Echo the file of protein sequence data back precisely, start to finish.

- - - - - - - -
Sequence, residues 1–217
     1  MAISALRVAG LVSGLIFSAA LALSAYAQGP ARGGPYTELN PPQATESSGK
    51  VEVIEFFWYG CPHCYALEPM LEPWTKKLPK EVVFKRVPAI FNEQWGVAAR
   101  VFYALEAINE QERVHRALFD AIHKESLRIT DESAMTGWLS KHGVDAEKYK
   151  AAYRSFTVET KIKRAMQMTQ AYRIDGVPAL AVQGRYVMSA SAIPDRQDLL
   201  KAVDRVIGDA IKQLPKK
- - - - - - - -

Sequence, residues 1–217
     1  MAISALRVAG LVSGLIFSAA LALSAYAQGP ARGGPYTELN PPQATESSGK
    51  VEVIEFFWYG CPHCYALEPM LEPWTKKLPK EVVFKRVPAI FNEQWGVAAR
   101  VFYALEAINE QERVHRALFD AIHKESLRIT DESAMTGWLS KHGVDAEKYK
   151  AAYRSFTVET KIKRAMQMTQ AYRIDGVPAL AVQGRYVMSA SAIPDRQDLL
   201  KAVDRVIGDA IKQLPKK